The fact that the Arab states are on board now is at least good news. Without Arab states the chances that Fatah and Abbas would make a move towards peace are minimal. This economic development is needed for the Arab world since after the Arab Spring they can no longer rule without a dose of legitimacy.
As for the Palestinians, their hypocrisy regarding a political solution is amazing. Fatah rejected concessions and political solutions three times only to place impossible demands such as the “right of return”. Do they want a Palestinian state or the dismantlement of Israel as a Jewish state?
Furthermore, the Palestinians had no better friend than Barack Obama but the Palestinian leadership slapped him in the face too. Under the Obama Administration timeline, Palestinians hardly convened with Israelis to discuss peace, despite the 10-month moratorium on Israeli settlement construction. Furthermore, former Secretary of State John Kerry went a great length to try to find proposals to give momentum to the peace process. In March 2014, the Palestinin Authority president , Mahmoud Abbas was presented with a proposal that received no response from Abbas. The proposal called for an arrangement based on the 1967 borders with mutually agreed land swaps and for a solution of the refugee issue that would not come at the expense of the Jewish character of Israel. It also called for East Jerusalem to be the capital of the state of Palestine. This, according to Tibon and Rumley, was the best offer Palestinians received from the U.S since the Clinton parameters were presented in 2000.” As Steve Simon, a former director of the Middle East desk at the National Security Council in the Obama Administration pointed out:
Kerry sketched out the terms of a grand bargain: Israel would release the fourth tranche (of prisoners), plus another 400 prisoners of its own choosing and forgo all new announcement of settlement construction throughout the West Bank (excluding Jerusalem), In return Abbas would agree to a nine months extension of the talks…Abbas announced that if the fourth trance of prisoners were not released by 7.00 p.m., he would convene a ceremony at his headquarters to announce a Palestinian Authority campaign for accession to fifteen UN conventions and international treaties…(Yet) an agreement appeared to be within reach on April 23. One can therefore imagine their surprise when Abbas repudiated the deal that evening in the most provocative possible way by signing an agreement with Hamas.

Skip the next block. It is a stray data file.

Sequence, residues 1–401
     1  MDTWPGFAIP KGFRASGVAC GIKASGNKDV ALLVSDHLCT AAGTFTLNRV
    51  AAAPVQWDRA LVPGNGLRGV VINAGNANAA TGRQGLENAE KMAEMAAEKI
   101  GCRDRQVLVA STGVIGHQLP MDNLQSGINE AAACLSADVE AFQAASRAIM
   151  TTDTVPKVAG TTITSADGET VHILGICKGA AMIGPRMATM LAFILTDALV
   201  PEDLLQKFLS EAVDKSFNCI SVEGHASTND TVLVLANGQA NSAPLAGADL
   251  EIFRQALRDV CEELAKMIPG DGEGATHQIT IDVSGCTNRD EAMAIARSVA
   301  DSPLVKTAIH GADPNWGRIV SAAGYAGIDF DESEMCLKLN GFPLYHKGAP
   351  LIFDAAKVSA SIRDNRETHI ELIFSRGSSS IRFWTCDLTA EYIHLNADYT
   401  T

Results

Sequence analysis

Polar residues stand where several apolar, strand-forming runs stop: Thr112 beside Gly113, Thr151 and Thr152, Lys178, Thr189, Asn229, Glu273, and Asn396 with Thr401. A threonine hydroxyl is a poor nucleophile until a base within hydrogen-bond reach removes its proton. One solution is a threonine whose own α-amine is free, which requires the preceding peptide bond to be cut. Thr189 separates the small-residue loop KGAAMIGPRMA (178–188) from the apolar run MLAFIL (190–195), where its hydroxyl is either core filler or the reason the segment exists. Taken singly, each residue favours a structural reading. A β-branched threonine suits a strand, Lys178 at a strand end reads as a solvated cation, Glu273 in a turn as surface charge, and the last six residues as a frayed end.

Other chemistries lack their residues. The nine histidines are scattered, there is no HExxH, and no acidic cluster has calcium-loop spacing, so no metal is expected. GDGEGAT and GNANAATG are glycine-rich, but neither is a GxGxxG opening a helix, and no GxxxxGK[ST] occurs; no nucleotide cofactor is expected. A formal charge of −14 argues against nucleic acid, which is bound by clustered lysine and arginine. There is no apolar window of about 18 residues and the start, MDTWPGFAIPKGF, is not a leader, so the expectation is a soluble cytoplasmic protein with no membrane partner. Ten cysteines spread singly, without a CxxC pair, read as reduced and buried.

In fact, it was under Obama’s watch that Palestinians effectively sought to delegitimize the role of the U.S. as a mediator in the conflict with Israel, appealing to the United Nations instead. The Palestinians sought unilateral recognition of a Palestinian state by lobbying different countries. The Latin American region was the first to break with the traditional neutral position when then-Brazilian president Luis Inácio “Lula” da Silva stated that the United States has proven incapable of fairly mediating the Israeli-Palestinian conflict.